By MARK SHERMAN
WASHINGTON (AP) - A deeply divided Supreme Court on Tuesday halted enforcement of the federal government's most potent tool to stop voting discrimination over the past half century, saying it does not reflect racial progress.
In a 5-4 ruling, the court declared unconstitutional a provision of the landmark Voting Rights Act that determines which states and localities must get Washington's approval for proposed election changes.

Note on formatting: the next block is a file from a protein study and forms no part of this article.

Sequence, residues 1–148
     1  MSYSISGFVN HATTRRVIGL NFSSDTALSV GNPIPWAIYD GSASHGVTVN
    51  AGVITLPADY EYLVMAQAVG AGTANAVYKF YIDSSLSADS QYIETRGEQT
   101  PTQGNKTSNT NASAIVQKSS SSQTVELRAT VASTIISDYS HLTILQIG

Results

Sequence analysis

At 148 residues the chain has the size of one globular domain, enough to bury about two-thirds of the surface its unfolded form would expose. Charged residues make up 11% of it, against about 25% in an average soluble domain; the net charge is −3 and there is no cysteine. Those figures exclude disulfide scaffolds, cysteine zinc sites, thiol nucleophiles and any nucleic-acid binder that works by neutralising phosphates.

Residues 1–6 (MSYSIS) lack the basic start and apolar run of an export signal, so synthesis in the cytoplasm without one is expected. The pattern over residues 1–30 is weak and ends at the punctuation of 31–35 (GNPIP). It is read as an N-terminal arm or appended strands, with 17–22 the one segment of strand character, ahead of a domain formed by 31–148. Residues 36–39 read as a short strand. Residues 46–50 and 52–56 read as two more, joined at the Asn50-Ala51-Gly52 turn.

President Barack Obama, the nation's first black chief executive, issued a statement saying he was "deeply disappointed" with the ruling.
The decision effectively puts an end to the advance approval requirement that has been used, mainly in the South, to open up polling places to minority voters in the nearly half century since it was first enacted in 1965, unless Congress can come up with a new formula that Chief Justice John Roberts said meets "current conditions" in the United States.